Epicoccum nigrum P16, a sugarcane endophyte, produces antifungal compounds and induces root growth.

Fávaro LC, Sebastianes FL, Araújo WL - PLoS ONE (2012)

E. nigrum and sugarcane-associated fungi re-isolation from the phylloplane of sugarcane grown in greenhouse.E.nigrum and sugarcane-associated fungi were re-isolated 20 and 60 days after inoculation of the P16 endophytic strain on leaves of sugarcane plants. The E. nigrum isolation frequency was compared with the total isolation frequency of sugarcane-associated fungi. Isolation frequency of the endophytic fungi from leaves (a) and sheaths (b) is shown in CFU per leaf/sheath fragment. Isolation frequency of epiphytic fungi (c) is shown in CFU per cm2 and includes abaxial and adaxial surfaces of the leaf fragments. All the data were transformed with √ x + 0.5 and submitted to analysis of variance followed by Tukey’s test. Means followed by the same letter indicate that they were not statistically different (Tukey’s test, P>5%). Control indicates the non-inoculated plants, while P16 indicates plants inoculated with the E. nigrum P16 strain.
© Copyright Policy
Related In: Results  -  Collection

Show All Figures
getmorefigures.php?uid=PMC3366970&req=5

pone-0036826-g001: E. nigrum and sugarcane-associated fungi re-isolation from the phylloplane of sugarcane grown in greenhouse.E.nigrum and sugarcane-associated fungi were re-isolated 20 and 60 days after inoculation of the P16 endophytic strain on leaves of sugarcane plants. The E. nigrum isolation frequency was compared with the total isolation frequency of sugarcane-associated fungi. Isolation frequency of the endophytic fungi from leaves (a) and sheaths (b) is shown in CFU per leaf/sheath fragment. Isolation frequency of epiphytic fungi (c) is shown in CFU per cm2 and includes abaxial and adaxial surfaces of the leaf fragments. All the data were transformed with √ x + 0.5 and submitted to analysis of variance followed by Tukey’s test. Means followed by the same letter indicate that they were not statistically different (Tukey’s test, P>5%). Control indicates the non-inoculated plants, while P16 indicates plants inoculated with the E. nigrum P16 strain.
Mentions: The isolation analysis of the disinfected sugarcane leaves and sheaths did not reveal significant differences in the number of E.nigrum CFUs recovered from these organs during the two sampling periods, as observed from the analysis of variance (Figure 1a and Figure 1b). E. nigrum was not isolated as an endophyte from the leaves and sheaths of the control plants in any sample period. In studying the effect of the inoculation with E. nigrum mycelia fragments on the endophytic fungal isolation frequency in these organs, the analysis also did not reveal differences in the number of CFUs recovered from the leaves over time (Figure 1a), but the number of CFUs recovered from the sheaths increased as the plant aged (Figure 1b). Most of the colonies obtained from the inoculated plants after disinfection were E. nigrum, which demonstrates the capacity of this fungus to endophytically colonize not only senescent leaves but also newly opened leaves on the sugarcane plants (not shown). These results also confirm previous reports on the sugarcane endophytic behavior of E. nigrum[21], [22] and indicate that E. nigrum is capable of disseminating to other tissues after the inoculation on leaves with mycelial fragments.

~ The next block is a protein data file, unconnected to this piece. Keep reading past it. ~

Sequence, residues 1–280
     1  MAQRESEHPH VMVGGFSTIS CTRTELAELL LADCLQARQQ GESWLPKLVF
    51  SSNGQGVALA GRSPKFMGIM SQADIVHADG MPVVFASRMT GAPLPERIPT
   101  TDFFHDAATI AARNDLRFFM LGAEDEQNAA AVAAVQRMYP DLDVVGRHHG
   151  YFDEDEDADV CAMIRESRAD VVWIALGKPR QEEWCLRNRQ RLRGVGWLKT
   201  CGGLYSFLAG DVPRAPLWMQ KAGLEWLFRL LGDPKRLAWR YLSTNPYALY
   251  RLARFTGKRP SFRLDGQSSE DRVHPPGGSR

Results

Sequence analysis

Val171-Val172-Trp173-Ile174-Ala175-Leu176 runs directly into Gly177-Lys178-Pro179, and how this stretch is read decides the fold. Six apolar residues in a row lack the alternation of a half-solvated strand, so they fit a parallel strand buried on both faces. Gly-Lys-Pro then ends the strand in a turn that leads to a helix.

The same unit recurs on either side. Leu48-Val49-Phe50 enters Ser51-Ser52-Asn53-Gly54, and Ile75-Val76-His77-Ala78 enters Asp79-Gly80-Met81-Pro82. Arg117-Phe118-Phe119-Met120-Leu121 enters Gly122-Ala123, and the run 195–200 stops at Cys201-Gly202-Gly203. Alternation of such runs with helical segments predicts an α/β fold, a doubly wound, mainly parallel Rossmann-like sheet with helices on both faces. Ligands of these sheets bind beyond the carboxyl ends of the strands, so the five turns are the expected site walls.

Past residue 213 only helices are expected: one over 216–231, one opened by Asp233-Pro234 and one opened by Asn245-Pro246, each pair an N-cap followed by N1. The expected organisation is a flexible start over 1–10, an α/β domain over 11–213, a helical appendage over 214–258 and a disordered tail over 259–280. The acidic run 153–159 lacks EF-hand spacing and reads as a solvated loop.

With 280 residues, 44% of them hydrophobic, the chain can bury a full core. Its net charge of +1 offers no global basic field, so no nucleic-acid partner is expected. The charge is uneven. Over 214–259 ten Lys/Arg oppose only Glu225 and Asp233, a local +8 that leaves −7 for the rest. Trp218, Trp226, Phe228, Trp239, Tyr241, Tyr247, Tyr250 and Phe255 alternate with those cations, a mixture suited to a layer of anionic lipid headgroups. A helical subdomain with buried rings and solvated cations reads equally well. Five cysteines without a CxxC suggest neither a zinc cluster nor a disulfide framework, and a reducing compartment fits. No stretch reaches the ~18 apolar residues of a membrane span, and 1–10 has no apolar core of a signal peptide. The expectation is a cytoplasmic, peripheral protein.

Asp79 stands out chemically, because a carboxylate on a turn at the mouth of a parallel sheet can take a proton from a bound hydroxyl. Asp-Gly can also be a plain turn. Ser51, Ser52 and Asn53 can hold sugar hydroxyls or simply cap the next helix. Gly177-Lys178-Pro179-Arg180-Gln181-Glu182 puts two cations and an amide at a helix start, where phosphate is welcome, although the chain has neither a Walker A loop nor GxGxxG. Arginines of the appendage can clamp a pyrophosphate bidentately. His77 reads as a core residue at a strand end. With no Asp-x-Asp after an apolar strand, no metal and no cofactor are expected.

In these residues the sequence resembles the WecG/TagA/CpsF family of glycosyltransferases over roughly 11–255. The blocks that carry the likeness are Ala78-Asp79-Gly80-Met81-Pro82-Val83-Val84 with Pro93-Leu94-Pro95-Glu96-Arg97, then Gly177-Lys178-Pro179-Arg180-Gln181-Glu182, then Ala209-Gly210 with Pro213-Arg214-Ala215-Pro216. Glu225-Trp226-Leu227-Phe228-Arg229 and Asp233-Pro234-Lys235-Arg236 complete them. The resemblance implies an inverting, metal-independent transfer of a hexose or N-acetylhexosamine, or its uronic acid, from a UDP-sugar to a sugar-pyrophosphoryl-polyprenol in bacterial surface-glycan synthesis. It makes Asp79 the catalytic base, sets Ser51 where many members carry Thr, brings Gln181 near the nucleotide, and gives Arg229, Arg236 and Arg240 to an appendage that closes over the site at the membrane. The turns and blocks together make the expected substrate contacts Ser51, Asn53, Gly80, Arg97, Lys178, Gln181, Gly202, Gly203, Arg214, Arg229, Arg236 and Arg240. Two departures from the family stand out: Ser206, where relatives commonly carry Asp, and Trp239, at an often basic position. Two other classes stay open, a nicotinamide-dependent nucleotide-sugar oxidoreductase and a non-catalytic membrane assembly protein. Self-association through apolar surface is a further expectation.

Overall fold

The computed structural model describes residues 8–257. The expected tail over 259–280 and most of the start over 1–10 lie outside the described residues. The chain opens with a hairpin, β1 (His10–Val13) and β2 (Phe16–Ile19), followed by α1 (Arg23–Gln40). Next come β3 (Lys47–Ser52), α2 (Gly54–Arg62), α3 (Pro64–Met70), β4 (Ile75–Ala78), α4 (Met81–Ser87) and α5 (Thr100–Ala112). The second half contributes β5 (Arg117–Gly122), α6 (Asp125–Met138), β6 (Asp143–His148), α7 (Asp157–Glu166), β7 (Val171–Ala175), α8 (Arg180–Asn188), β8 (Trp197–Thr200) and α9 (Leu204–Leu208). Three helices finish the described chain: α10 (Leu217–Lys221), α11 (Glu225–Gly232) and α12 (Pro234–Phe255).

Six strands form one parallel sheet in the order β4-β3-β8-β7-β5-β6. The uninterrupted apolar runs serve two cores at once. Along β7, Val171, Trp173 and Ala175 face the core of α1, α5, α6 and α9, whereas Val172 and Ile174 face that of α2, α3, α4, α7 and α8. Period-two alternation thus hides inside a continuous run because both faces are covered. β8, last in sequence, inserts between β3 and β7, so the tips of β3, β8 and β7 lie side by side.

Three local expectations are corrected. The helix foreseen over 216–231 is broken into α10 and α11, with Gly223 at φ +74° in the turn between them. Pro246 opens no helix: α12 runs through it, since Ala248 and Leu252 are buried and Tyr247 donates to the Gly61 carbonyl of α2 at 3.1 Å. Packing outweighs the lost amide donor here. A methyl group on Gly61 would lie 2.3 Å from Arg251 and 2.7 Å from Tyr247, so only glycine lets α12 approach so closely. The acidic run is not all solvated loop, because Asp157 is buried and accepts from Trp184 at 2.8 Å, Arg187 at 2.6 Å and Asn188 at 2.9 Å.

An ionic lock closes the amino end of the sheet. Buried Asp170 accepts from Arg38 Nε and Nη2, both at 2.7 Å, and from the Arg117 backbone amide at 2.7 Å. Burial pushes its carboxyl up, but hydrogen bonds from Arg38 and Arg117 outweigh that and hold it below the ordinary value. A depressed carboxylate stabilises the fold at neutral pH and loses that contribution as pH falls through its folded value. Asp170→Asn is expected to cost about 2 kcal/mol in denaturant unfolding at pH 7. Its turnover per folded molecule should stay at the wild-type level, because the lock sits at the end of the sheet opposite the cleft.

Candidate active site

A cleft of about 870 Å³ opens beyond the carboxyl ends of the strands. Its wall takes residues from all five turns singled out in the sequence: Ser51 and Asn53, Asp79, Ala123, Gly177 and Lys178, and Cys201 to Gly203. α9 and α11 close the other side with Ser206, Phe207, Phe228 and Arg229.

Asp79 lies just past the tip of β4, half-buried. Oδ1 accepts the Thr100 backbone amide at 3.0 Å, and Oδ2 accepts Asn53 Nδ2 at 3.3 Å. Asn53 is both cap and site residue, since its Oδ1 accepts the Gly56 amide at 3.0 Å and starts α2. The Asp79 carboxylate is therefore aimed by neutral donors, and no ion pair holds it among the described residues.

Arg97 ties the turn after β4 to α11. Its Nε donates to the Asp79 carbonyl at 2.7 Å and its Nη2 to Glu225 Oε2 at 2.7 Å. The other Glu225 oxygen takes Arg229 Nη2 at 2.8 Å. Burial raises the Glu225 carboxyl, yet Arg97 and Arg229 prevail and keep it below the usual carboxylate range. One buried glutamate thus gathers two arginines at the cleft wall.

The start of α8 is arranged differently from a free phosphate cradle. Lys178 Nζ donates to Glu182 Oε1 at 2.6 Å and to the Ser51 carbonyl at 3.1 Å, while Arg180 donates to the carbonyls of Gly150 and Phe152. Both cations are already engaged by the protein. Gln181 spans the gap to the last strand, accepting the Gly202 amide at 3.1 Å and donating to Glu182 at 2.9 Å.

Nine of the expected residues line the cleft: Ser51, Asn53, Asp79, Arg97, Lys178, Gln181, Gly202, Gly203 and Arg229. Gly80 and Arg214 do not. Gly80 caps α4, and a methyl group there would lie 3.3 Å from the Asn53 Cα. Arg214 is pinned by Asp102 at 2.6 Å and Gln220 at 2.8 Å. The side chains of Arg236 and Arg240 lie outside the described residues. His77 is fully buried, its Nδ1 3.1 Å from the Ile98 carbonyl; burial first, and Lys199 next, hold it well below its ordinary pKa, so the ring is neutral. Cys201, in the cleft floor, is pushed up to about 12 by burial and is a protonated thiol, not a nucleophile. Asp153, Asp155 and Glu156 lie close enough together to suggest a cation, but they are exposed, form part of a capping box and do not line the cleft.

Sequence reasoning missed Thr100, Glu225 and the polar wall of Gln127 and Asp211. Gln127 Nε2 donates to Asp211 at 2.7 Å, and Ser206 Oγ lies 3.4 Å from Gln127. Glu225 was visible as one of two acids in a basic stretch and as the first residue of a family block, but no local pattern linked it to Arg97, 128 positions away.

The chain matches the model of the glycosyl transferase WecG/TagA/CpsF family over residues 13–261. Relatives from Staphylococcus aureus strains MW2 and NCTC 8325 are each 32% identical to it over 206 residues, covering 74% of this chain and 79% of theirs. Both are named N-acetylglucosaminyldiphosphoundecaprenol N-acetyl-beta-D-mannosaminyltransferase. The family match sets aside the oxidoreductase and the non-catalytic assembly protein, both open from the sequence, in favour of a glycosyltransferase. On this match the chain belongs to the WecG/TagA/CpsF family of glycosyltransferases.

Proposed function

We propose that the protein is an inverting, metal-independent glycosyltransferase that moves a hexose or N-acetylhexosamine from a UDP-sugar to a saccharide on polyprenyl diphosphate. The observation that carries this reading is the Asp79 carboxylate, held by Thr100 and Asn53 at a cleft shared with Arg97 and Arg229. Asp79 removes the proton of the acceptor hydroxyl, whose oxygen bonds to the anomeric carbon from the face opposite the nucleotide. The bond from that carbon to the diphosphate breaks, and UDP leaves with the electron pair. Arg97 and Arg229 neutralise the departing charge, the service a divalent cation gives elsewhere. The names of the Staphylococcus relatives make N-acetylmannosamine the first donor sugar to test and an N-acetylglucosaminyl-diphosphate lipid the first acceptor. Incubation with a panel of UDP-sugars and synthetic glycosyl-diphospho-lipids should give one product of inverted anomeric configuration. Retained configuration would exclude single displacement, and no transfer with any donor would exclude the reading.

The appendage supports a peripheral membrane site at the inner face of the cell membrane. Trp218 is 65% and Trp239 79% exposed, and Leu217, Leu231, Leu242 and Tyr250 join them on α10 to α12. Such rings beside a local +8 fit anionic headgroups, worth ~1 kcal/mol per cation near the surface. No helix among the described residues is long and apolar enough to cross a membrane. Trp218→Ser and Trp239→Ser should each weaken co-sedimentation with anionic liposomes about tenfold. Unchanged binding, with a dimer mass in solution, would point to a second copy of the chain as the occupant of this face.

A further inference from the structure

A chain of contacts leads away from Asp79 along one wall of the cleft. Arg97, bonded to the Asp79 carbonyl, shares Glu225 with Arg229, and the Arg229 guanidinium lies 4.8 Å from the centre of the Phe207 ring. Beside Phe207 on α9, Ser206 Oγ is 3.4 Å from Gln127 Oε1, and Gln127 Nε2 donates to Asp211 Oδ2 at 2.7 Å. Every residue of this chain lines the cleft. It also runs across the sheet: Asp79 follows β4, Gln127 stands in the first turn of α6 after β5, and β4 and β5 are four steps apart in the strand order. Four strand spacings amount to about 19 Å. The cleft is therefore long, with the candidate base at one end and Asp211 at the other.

Bottom Line: We report an approach based on inoculation followed by re-isolation, molecular monitoring, microscopic analysis, plant growth responses to fungal colonization, and antimicrobial activity tests to study the basic aspects of the E. nigrum endophytic interaction with sugarcane, and the effects of colonization on plant physiology.The results indicate that E. nigrum was capable of increasing the root system biomass and producing compounds that inhibit the in vitro growth of sugarcane pathogens Fusarium verticillioides, Colletotrichum falcatum, Ceratocystis paradoxa, and Xanthomomas albilineans.In addition, this work contributes to the knowledge of the interaction of this ubiquitous endophyte with the host plant, and also to a better use of microbial endophytes in agriculture.

View Article: PubMed Central - PubMed

Affiliation: Brazilian Agricultural Research Corporation, Embrapa Agroenergia, Brasília, Distrito Federal, Brazil. leia.favaro@embrapa.br

ABSTRACT

Background: Sugarcane is one of the most important crops in Brazil, mainly because of its use in biofuel production. Recent studies have sought to determine the role of sugarcane endophytic microbial diversity in microorganism-plant interactions, and their biotechnological potential. Epicoccum nigrum is an important sugarcane endophytic fungus that has been associated with the biological control of phytopathogens, and the production of secondary metabolites. In spite of several studies carried out to define the better conditions to use E. nigrum in different crops, little is known about the establishment of an endophytic interaction, and its potential effects on plant physiology.

Methodology/principal findings: We report an approach based on inoculation followed by re-isolation, molecular monitoring, microscopic analysis, plant growth responses to fungal colonization, and antimicrobial activity tests to study the basic aspects of the E. nigrum endophytic interaction with sugarcane, and the effects of colonization on plant physiology. The results indicate that E. nigrum was capable of increasing the root system biomass and producing compounds that inhibit the in vitro growth of sugarcane pathogens Fusarium verticillioides, Colletotrichum falcatum, Ceratocystis paradoxa, and Xanthomomas albilineans. In addition, E. nigrum preferentially colonizes the sugarcane surface and, occasionally, the endophytic environment.

Conclusions/significance: Our work demonstrates that E. nigrum has great potential for sugarcane crop application because it is capable of increasing the root system biomass and controlling pathogens. The study of the basic aspects of the interaction of E. nigrum with sugarcane demonstrated the facultative endophytism of E. nigrum and its preference for the phylloplane environment, which should be considered in future studies of biocontrol using this species. In addition, this work contributes to the knowledge of the interaction of this ubiquitous endophyte with the host plant, and also to a better use of microbial endophytes in agriculture.

Show MeSH
Related in: MedlinePlus